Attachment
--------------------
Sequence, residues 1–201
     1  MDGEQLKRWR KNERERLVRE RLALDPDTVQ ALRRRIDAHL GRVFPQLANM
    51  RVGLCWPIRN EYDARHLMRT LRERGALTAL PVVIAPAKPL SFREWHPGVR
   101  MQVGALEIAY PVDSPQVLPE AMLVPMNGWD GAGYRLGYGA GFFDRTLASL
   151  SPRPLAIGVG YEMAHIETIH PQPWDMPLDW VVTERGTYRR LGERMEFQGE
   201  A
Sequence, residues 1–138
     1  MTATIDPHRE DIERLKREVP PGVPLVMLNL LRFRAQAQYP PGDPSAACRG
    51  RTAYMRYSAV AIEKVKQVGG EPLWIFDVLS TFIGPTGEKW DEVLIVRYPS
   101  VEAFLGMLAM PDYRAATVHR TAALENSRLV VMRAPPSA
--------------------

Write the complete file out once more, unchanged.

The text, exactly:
Sequence, residues 1–201
     1  MDGEQLKRWR KNERERLVRE RLALDPDTVQ ALRRRIDAHL GRVFPQLANM
    51  RVGLCWPIRN EYDARHLMRT LRERGALTAL PVVIAPAKPL SFREWHPGVR
   101  MQVGALEIAY PVDSPQVLPE AMLVPMNGWD GAGYRLGYGA GFFDRTLASL
   151  SPRPLAIGVG YEMAHIETIH PQPWDMPLDW VVTERGTYRR LGERMEFQGE
   201  A
Sequence, residues 1–138
     1  MTATIDPHRE DIERLKREVP PGVPLVMLNL LRFRAQAQYP PGDPSAACRG
    51  RTAYMRYSAV AIEKVKQVGG EPLWIFDVLS TFIGPTGEKW DEVLIVRYPS
   101  VEAFLGMLAM PDYRAATVHR TAALENSRLV VMRAPPSA